The indicator toolkit allows the user to view and explore climate impact indicators. When you select a dataset for a climate impact indicators, a button called ‘confidence’ is highlighted under the "active" tab. The colour of the ‚confidence‘ button summarises the degree of confidencedegree of confidence
The degree of confidence defines the degree to which we trust an outcome - no matter if this outcome is a climate impact indicator derived from surface observations, re-analysis, simulations or projections describing the bio-physical or socio-economic impact of climate impact. The degree of confidence results from ‘evidence and agreement’ of the datasets used for a selected climate impact indicator and what ‘type of method’ is used for the calculation of it. ranging from red (=‘low’) to green (=‘high’). By clicking on it detailed information about the degree of confidence and the sources of uncertainties are presented in the confidence fact sheet.
‘Confidence’ button represents degree of confidence: red=low, orange=medium, green=high, white=not available
The confidence fact sheet is divided in two parts. The upper part is related to the expert-based description of what contributes to the degree of confidence. It is based on expert knowledge considering evidence and agreement and the type of method that was used for the calculation of this indicator. The degree of confidence is summarised in a colour bar.
In the lower part of the confidence fact sheet, you find a summary of the main sources of uncertainty related to the selected dataset. These sources of uncertainty belong either to a source that is reducible (incomplete knowledge) or that is non-reducible (unpredictability and stochasticity).
Upper half: Expert-based description of confidence including a summary of the degree of confidence
Lower half: Expert-collated list of sources of uncertainty differentiated according to their reducible or non-reducible nature
“Climate signal maps”
Under the ‘compare function’ you can select a spatial visualisation of the robustness for a set of climate impact indicators. These 'climate signal maps' help you to identify regions where robust climate changes are derived from an ensemble of multi-model climate simulations. "Robust" is thereby defined as the agreement of simulations toward the projected changes as well as with the portion of the simulations that project statistically significant changes.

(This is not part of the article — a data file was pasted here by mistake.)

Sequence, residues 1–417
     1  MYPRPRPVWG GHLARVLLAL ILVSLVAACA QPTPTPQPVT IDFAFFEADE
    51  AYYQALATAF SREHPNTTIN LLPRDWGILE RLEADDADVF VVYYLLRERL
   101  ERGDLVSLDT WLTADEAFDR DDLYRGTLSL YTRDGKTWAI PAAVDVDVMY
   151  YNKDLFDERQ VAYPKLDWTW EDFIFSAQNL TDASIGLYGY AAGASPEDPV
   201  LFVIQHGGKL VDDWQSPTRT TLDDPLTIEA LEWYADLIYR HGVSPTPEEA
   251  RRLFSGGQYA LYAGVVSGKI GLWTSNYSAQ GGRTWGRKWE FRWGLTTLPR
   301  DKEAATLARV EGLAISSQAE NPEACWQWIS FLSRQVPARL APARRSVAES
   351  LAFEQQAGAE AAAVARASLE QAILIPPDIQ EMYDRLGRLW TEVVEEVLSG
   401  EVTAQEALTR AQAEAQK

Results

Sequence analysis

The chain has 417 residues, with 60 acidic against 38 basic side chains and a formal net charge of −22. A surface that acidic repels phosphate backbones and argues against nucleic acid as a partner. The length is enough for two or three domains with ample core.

Climate signal maps are available for the ‘worst case scenario’ RCP8.5 and the following climate impact indicators: wet days, heavy precipitation days, tropical nights, ice days, frost days, heating days, summer days. Select the dataset named ‘climatesignalmap’ and tick the box ‘Climate Signal Map’ below the map viewer.
For more information about the method: see D8.4 under http://www.clipc.eu/project-information/deliverables-and-milestones and Pfeifer et al. (2015): Robustness of ensemble climate projections analyzed with climate signal maps: seasonal and extreme precipitation for Germany. Atmosphere, 6(5), 677-698; doi:10.3390/atmos6050677
|Example of decrease in ice days for spatial resolutionresolution
In climate models, this term refers to the physical distance (meters or degrees) between each point on the grid used to compute the equations. Temporal resolution refers to the time step or the time elapsed between each model computation of the equations. of about 50 km x 50 km grid cell.
Each circle represents the climate change signal average over 4x4 grid cells.
The colour of the circles indicate:
yellow- small robust decrease (less then 5 days)
orange- medium robust decrease (between 5 and 30 days)
red - large robust decrease (more then 30 days)
Grey circles present regions where the climate change information is not robust. Regions white circles show an increase or no change in ice days.